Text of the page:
This raises some interesting questions. For a start, let’s get this out of the way: here are detailed instructions on who to phone and shout at. There are more at the bottom of the ORG post referenced above. You have until the 7th of July.

But since when has EU-sponsored mass telecoms snooping and censorship been the policy of the Conservative Party? Perhaps fortunately, they’ve been out of power since the Internet has been an issue, so this has never really been tested; David Cameron certainly didn’t say anything about this, the lying turdwit.

Privacy Chernobyl in Bonn

That gaggle of elite geeks who have been arguing against the horrible possibilities an internetworked world offers to fraudsters and state bullies for years have often said that one day, there’ll be a horrible crunch. A disastrous moment of truth. As Chernobyl finished the reputation of nuclear power for 20 years, the Privacy Chernobyl will kibosh all those monster database schemes for the foreseeable future. The subtext is perhaps that whatever the damage may be, it’s the collateral damage we have to accept to stop the bastards overrunning us.

What if, however, the first people to catch it were pompous German executives? Some would fear this wouldn’t draw any moral reaction from the public – who cares what happens to the bastards? Others might think it’s precisely their outrage that would finish the buggers quickest. It seems, though, that the Privacy Chernobyl might already have happened, in Germany. Scandal has been raging around Deutsche Telekom for a while; the monster telco, one-third state-owned, has been caught spying on members of its supervisory board, and much worse, journalists and trade union reps. Der Spiegel burst the story, interviewing the boss of a Berlin information security firm that was given the raw data from DTAG’s systems to analyse. He’s singing like a canary. DTAG promised that it was all over by the time the current CEO took over, but it turned out that the security firm was receiving money years later, money that came from the same cost-centre as the CEO’s office.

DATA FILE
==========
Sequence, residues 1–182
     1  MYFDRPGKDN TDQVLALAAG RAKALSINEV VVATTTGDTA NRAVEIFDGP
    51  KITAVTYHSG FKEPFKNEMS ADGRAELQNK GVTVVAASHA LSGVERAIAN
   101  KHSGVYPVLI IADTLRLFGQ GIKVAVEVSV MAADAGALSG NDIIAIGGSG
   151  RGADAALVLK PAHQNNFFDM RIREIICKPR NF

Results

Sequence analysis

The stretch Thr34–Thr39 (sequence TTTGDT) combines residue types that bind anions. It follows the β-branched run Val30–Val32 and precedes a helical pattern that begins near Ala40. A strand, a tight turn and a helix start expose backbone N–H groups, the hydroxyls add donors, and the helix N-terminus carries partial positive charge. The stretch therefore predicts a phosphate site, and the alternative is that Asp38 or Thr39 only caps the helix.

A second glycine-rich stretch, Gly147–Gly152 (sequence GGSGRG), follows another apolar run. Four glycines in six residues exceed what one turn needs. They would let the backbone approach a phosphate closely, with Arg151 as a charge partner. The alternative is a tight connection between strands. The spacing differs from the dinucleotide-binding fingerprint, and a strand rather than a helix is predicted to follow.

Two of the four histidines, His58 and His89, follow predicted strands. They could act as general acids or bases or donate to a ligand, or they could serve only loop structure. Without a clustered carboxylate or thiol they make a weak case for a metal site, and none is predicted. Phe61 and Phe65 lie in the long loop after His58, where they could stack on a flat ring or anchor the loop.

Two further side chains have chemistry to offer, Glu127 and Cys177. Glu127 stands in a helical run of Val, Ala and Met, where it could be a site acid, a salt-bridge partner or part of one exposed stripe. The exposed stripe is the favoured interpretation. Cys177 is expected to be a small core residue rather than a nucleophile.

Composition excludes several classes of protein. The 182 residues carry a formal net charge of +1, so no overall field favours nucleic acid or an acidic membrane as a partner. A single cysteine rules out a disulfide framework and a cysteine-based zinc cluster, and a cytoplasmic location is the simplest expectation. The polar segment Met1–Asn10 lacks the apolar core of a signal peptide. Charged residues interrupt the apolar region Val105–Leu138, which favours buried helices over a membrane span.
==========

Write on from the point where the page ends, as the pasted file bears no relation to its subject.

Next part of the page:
But this is far from the worst that might have happened. It wasn’t so much the content of the calls that was being spied upon, but rather their metadata. This is something one learns quickly on joining the telecoms industry – it’s the signalling that matters. The SS7 signalling traffic on a mobile network contains a treasure of information on who telephones, with whom, and from which geographic locations. Matching the dumps of data, they would have been able to trace the movements of the targets, their social networks, and who they met with.